About the author

Dr. Michael Koriwchak

Dr. Michael Koriwchak

Dr. Michael J. Koriwchak received his medical degree from Duke University School of Medicine in 1988. He completed both his Internship in General Surgery and Residency in Otolaryngology-Head and Neck Surgery at Vanderbilt University Medical Center. Dr. Koriwchak continued at Vanderbilt for a fellowship in Laryngology and Care of the Professional Voice. He is board certified by the American Board of Otolaryngology-Head and Neck Surgery.
After training Dr. Koriwchak moved to Atlanta in 1995 to become one of the original physicians in Ear, Nose and Throat of Georgia. He has built a thriving practice in Laryngology, Care of the Professional Voice, Thyroid/Parathyroid Surgery, Endoscopic Sinus Surgery and General Otolaryngology. A singer himself, many of his patients are people who depend on their voice for their careers, including some well-known entertainers. Dr. Koriwchak has also performed thousands of thyroid, parathyroid and head and neck cancer operations.
Dr. Koriwchak has been working with information technology since 1977. While an undergraduate at Bucknell University he taught a computer-programming course. In medical school he wrote his own software for his laboratory research. In the 1990’s he adapted generic forms software to create one the first electronic prescription applications. Soon afterward he wrote his own chart note templates using visual BASIC script. In 2003 he became the physician champion for ENT of Georgia’s EMR implementation project. This included not only design and implementation strategy but also writing code. In 2008 the EMR implementation earned the e-Technology award from the Medical Association of Georgia.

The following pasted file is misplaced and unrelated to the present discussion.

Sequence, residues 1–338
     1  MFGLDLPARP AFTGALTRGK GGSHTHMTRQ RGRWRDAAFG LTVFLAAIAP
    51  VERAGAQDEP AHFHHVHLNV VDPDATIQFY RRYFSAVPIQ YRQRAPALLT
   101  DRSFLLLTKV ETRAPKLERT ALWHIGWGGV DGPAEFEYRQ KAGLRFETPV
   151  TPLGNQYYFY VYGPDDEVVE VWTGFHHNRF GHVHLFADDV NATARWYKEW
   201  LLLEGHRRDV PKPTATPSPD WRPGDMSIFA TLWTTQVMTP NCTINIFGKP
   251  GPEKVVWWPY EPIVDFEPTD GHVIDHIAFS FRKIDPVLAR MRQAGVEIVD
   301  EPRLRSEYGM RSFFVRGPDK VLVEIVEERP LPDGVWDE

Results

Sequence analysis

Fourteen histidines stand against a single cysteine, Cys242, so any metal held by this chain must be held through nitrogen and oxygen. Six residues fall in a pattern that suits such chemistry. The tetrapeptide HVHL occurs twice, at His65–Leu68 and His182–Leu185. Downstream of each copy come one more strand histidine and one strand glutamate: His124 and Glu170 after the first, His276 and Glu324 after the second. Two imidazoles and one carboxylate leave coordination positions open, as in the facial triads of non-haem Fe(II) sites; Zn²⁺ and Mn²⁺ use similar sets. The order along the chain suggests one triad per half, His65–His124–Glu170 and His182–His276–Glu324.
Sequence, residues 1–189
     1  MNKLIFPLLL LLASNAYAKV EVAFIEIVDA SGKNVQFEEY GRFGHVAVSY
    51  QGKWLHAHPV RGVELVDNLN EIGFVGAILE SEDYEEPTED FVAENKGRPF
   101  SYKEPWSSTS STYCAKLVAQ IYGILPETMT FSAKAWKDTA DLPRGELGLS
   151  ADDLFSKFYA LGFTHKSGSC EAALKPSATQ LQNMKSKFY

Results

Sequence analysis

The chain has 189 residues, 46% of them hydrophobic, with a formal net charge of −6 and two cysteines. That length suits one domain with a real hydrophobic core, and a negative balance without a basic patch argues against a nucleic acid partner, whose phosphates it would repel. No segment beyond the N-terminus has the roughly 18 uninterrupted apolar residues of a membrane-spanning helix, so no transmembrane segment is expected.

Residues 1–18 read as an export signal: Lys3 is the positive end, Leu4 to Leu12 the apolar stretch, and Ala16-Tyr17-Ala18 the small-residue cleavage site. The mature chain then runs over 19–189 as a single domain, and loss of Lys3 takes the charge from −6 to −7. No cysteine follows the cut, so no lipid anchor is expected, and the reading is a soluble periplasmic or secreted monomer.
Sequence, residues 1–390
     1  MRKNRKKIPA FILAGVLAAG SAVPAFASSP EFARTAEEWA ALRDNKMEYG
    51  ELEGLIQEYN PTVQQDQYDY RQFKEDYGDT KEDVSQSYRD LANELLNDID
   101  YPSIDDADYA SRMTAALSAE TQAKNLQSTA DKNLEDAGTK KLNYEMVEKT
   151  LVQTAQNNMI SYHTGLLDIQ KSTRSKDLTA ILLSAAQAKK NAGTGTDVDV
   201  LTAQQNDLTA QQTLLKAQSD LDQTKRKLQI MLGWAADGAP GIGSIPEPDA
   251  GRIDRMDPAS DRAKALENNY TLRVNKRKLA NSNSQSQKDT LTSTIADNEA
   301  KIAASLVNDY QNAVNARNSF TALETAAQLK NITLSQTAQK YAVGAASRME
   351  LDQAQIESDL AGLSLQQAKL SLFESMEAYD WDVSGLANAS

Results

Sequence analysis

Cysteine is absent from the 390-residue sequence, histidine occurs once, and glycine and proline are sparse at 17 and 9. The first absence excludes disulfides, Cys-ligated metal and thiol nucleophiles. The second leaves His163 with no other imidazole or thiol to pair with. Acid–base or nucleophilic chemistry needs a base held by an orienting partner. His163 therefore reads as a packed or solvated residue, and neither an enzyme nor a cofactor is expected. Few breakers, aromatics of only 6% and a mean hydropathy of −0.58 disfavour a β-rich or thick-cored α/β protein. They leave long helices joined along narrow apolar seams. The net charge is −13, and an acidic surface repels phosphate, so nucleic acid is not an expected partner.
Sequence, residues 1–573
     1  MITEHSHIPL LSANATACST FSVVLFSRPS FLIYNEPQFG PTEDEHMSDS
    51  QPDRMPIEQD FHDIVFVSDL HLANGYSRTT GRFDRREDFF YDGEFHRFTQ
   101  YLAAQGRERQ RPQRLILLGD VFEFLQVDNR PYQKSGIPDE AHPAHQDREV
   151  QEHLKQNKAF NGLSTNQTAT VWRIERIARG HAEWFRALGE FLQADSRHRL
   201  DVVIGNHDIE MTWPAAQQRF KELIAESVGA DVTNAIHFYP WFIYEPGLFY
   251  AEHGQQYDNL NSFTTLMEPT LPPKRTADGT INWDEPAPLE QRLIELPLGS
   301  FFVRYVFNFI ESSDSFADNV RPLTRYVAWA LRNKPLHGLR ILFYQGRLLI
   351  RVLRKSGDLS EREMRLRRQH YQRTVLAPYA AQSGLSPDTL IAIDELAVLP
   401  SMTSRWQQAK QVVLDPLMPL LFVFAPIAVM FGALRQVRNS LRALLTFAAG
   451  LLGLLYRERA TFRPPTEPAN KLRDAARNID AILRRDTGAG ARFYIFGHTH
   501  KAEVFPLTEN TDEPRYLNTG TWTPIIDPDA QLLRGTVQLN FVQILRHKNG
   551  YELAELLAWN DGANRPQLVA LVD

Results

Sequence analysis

With 7 years EMR experience, 18 years in private medical practice and over 35 years of IT experience, Dr. Koriwchak seeks opportunities to merge the information technology and medical communities, bringing information technology to health care.


  • Dr. Koriwchak,
    I’m not going to argue about the unsavory practices of secure text messaging providers. No doubt many of them will do or say anything to make a sale. I’m sure that many of them have gone way too far and told lies in the process. No arguments there.

    However, I think you’re wrong about Text messages not being secure. I think this is true when it comes to where/how the text messages are stored and also in their unencrypted transmission. There is actually a document which I posted previously which shows how much information is collected and stored by the Telcom providers: